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Investors want to take shares Lloyds Banking Group (LSA: LOY) have no shortage of opportunities at low prices. Lloyd’s shares have dipped in the penny-share range for years. Even before the outbreak, we were looking at just 60p or less.
Today, at around the 45p mark, is Lloyds too cheap to ignore? Well, if there’s anything better than a short-term buying opportunity, it’s got to be a long-term buying opportunity, right?
If I don’t have some Lloyd’s shares, can I buy them now? Or, more importantly, will I buy more?
When considering buying Lloyd’s stock, as with anything else, I think investors should ignore one key consideration and focus on what’s important. That’s ignoring short-term conditions and focusing on the long-term.
As billionaire investor Warren Buffett famously advises: “If you don’t think about owning a stock for 10 years, don’t even think about owning it for 10 minutesHe said.
This is good for me as I always invest for the long term. It means that I hold onto my Lloyds shares with the intention of keeping them for at least another decade. And if I buy more, I want to keep it for at least that long.
Oh, and even though my stocks have been falling in value while I’ve been earning them, my annual dividends are coming. And that’s why I buy stocks.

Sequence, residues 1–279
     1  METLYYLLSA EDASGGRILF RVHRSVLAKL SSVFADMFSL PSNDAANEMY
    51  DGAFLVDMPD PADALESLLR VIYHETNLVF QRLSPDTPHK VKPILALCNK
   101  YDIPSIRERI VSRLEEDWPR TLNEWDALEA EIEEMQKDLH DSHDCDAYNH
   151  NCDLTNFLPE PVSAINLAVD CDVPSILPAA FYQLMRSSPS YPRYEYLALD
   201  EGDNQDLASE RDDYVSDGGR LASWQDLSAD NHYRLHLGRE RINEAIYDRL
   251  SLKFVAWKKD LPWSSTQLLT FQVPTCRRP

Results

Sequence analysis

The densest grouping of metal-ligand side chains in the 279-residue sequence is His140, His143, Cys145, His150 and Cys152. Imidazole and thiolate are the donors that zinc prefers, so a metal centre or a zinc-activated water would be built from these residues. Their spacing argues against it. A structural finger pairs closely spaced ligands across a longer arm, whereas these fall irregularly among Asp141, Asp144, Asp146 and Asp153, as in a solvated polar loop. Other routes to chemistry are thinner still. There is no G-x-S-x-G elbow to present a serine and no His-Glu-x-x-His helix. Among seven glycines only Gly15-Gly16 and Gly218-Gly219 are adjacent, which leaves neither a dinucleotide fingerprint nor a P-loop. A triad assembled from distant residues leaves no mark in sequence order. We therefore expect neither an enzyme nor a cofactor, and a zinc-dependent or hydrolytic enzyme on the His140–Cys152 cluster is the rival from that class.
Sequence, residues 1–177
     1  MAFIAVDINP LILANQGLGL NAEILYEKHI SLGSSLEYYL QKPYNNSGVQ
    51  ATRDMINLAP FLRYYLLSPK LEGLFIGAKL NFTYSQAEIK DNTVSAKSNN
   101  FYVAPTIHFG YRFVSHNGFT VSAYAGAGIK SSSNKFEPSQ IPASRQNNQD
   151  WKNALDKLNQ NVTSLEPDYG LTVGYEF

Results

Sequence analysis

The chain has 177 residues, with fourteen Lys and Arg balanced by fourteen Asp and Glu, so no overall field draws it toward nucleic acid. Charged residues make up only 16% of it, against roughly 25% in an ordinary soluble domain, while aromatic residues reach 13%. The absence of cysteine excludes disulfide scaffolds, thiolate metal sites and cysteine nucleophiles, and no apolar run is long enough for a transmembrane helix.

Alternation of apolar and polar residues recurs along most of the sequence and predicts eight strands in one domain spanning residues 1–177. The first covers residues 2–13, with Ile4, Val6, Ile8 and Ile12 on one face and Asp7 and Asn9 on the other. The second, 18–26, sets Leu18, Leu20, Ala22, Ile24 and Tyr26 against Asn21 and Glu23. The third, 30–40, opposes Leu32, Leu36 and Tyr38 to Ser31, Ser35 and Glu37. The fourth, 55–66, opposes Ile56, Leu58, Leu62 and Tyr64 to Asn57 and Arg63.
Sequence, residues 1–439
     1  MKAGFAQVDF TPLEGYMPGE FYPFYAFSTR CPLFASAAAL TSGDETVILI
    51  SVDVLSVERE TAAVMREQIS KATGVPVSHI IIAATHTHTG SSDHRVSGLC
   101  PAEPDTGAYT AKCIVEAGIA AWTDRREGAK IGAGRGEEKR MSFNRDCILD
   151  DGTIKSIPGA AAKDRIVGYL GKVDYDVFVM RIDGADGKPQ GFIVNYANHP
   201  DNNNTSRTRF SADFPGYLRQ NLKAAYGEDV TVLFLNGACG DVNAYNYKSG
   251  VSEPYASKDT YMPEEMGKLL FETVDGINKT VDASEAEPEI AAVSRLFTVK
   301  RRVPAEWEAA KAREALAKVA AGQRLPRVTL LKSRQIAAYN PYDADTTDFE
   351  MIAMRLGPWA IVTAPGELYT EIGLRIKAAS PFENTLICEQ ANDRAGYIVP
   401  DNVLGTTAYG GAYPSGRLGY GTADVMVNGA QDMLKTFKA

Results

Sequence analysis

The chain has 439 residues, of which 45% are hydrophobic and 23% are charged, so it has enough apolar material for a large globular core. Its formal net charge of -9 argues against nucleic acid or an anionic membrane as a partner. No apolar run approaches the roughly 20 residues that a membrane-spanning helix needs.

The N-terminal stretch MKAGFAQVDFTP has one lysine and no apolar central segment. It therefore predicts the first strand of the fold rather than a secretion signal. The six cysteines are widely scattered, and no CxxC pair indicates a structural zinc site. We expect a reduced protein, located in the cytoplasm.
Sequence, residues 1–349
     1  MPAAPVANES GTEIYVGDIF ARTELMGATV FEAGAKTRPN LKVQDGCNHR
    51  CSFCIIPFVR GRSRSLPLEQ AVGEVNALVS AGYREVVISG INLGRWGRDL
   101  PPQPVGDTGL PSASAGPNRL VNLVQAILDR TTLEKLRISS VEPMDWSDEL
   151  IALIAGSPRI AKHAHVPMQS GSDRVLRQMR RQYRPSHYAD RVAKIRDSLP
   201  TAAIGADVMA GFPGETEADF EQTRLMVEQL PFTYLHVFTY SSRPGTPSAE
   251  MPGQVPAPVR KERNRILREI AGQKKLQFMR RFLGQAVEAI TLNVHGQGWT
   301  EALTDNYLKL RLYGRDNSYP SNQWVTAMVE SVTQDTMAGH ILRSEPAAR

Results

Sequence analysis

Lloyds returned with a 4.2% yield during the pandemic. For 2022, analysts are forecasting a 5.5 percent yield. Moreover, they showed a rise of 6.5% in the next two years.
Anything can happen in the next two years. And any downturn could keep bank stocks under pressure. For example, at the end of 2022, I think there is a good chance that Lloyd’s shares will continue to rise.
My long-term optimism is actually based on one main idea. I fully expect the UK economy to recover and return to growth. It’s happened every time we’ve had a recession so far, and we’ve been through some corkers.
This means that banks will have good results in the long run. Banking is the most important piece of infrastructure that every sector of the economy needs.
Can banks lose?
For me, the financial sector is the ultimate ‘pick and shovel’ investment. These were named after the gold rush. No rich man returned empty-handed, those who provided tools and materials got their money.
I can’t imagine a strong long-term economic future if banks don’t make healthy profits and pay dividends to shareholders. This does not mean that banks fail. We saw some spectacular failures during the financial crisis.
There’s a lot of short-term risk, to be sure. Especially since Lloyd’s is big on mortgages and the housing market is likely to slow down. But I am seeing the past very well.
Lloyds remains firmly on my ‘buy more’ list, especially at today’s penny share price.